May 23, 2009, 8:00 PM

Turner Recital Hall, Blair School of Music

PROGRAM

Sonata for Harp Germaine Taillefere (1892-1983)

*Emerging Voices*

Licia Jaskunas, harp

Sonata Duodecima for violin and continuo Isabella Leonarda (1620-1704)

*Emerging Voices*

Zeneba Bowers, violin Matt Walker, cello Murray Somerville, organ

Notturno for four celli Enrico Mainardi (1897-1976)

Squaretet Matt Walker (b. 1968)

Sari Reist, Michael Samis, Chris Stenstrom, Matt Walker, cellos

– Intermission –

Breaking Away for horn and percussion Michael Kallstrom (b. 1956)

Leslie Norton, horn

Chris Norton, percussion

Warm Wind Anders  (b. 1962)

for clarinet, horn, marimba, and vibraphone

Leslie Norton, horn

Chris Norton, percussion

String Quartet Fanny Mendelssohn-Hensel

*Emerging Voices* (1805-1847)

Adagio ma non troppo

Allegretto

Romanze

Allegro molto vivace

Alison Gooding, Jeremy Williams, violins Daniel Reinker, viola Matt Walker, cello

NOTES ON THE PROGRAM

Germaine Tailleferre: Sonata for Harp (1953)

A great example of the “Emerging Voices” concept, Tailleferre’s complete body of work has only recently become published and performed. For decades, she was known primarily for the prize-winning works she composed before World War II, when she was closely associated with the likes of Milhaud, Honneger, and Poulenc. She composed a great deal of music after the war, including choral and orchestral music, stage works, and even music for television and cinema.

Tailleferre knew Ravel and studied orchestration with him; while her music bears his mark, it reaches much farther into realms of polytonality and serialism.

Isabella Leonarda: Sonata duedecima for violin and continuo (1693)

Born a noblewoman, Leonarda entered the convent Collegio di Sant’Orsola at the age of 16, where music was a part of the curriculum. She composed nearly 200 pieces; her set of 12 violin sonatas in her opus 16 set are a departure from her usual work of sacred vocal music, and are among the first instances of instrumental pieces by a woman. Since her work predated Bach by some decades, it is unbound by what later became the standard “rules” of Baroque composition, yielding a style that, to today’s listener, sounds fresh and engaging, almost new. The piece is composed in one long gesture, but it changes tempo and character many times throughout The sections are marked: Adagio, Allegro e presto, Vivace e largo, Spirituoso, Adagio, Aria – allegro, Veloce.

Enrico Mainardi: Notturno for four cellos (1925)

Mainardi was a virtuoso cellist and teacher of international reputation. Richard Strauss invited him to record Don Quixote in 1933; he also recorded most of the major cello repertoire on dozens of albums. Although not known as a composer, Mainardi wrote over twenty well-crafted chamber and orchestral works that often featured virtuosic cello parts. His Notturno is a beautiful diversion that brings to mind the music of Puccini; the fact that it was written a year after Puccini’s death may not be entirely coincidental.

Matt Walker: “Squartet” for four cellos (2009)

Although a cellist by trade, Walker has occasionally put some of his musical ideas to paper, resulting in a small but growing body of chamber music. In the past few years he has focused on writing music with a jazz edge. A few of his pieces for solo cello are imitative of blues guitar music, and thus required the adaptation of complex finger-picking patterns and left-hand “hammer-on” techniques. His writing also calls for the player to use the cello to imitate a bass and drumset as needed, something that is not generally taught (or approved of) at most conservatories. “Squaretet” is Walker’s attempt to codify some of the ideas from his solo cello pieces while gaining the freedom to not have to play every part by himself. It is a funk romp introduced by a soulful homage to Rossini. The fact that it was written only 180 years after William Tell is entirely coincidental.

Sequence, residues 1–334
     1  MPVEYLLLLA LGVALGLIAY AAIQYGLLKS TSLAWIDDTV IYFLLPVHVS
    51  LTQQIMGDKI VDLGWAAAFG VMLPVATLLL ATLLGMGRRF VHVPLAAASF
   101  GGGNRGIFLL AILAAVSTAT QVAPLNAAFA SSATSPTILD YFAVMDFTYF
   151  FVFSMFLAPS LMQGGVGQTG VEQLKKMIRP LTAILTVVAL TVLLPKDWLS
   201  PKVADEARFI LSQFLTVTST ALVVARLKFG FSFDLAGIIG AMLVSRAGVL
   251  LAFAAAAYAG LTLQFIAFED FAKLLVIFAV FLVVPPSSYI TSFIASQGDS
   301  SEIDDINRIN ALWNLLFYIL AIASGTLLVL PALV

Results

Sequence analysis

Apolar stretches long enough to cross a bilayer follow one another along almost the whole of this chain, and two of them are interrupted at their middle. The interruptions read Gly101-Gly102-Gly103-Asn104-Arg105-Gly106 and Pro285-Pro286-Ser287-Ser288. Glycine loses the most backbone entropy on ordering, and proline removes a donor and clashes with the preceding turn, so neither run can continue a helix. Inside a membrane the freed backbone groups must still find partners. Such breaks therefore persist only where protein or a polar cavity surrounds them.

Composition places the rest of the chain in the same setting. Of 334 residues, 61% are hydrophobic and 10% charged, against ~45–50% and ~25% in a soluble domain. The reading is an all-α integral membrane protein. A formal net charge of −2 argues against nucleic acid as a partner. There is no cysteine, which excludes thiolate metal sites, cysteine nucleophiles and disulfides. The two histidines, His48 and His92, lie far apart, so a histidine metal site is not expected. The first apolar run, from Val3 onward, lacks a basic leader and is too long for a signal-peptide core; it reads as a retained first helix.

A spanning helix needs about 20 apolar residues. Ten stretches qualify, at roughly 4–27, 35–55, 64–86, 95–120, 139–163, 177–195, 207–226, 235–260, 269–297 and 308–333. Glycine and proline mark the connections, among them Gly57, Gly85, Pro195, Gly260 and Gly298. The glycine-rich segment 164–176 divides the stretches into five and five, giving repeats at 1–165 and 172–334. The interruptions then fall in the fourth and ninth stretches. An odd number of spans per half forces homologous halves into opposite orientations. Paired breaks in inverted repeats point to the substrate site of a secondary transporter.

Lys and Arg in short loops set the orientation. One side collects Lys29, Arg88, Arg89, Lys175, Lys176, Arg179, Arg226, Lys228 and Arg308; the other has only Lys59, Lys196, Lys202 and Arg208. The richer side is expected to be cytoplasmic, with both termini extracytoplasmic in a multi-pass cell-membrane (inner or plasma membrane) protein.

Michael Kallstrom: Breaking Away for clarinet and marimba (1992)

Breaking Away was commissioned by Chris and Leslie Norton in 1992 during Chris’s tenure with Western Kentucky University where Michael Kallstrom teaches Theory and Composition. Kallstrom is a prolific composer for diverse media and is best known for his one-man “Electric Operas” where he sings baritone to his original pre-recorded scores of newly created synthesized sounds.

Anders Åstrand: Warm Wind for clarinet, horn, and vibraphone (2006)

Warm Wind was written by Swedish composer Anders strand on a commission from Chris and Leslie Norton. With ALIAS in mind, the Nortons asked their friend Anders to create a work for marimba, vibraphone, horn, and clarinet. The result was premiered at the Percussive Arts Society International Convention in 2006, and tonight marks the local premiere. Though Åstrand plays the complete array of percussion instruments, he is particularly recognized as a jazz-fusion vibraphone artist, and his compositions bear that stylistic influence. Åstrand’s percussion trio Global Percussion Network is aptly named, as they have performed in nearly every continent.

Fanny Hensel-Mendelssohn: String Quartet in E-flat (1834)

Felix Mendelssohn was a staunch proponent of the music of J.S. Bach, and was largely responsible for the revival of interest in Bach’s music in the 19th century. Certain elements in Fanny’s string quartet seem to indicate that she shared her brother’s love of the great master: The slow-fast-slow-fast arrangement of the work’s movements is typical of a Baroque sonata form; moreover, it contains several hidden quotes from Bach’s keyboard works.

Fanny’s musical upbringing was similar to that of Felix, and she was every bit the prodigy on the keyboard and as a composer. Most of her compositions, sadly, remain unpublished to this day; this string quartet was only recently uncovered from family archives in Berlin and published in 1997.

– Notes by Matt Walker and Christopher Norton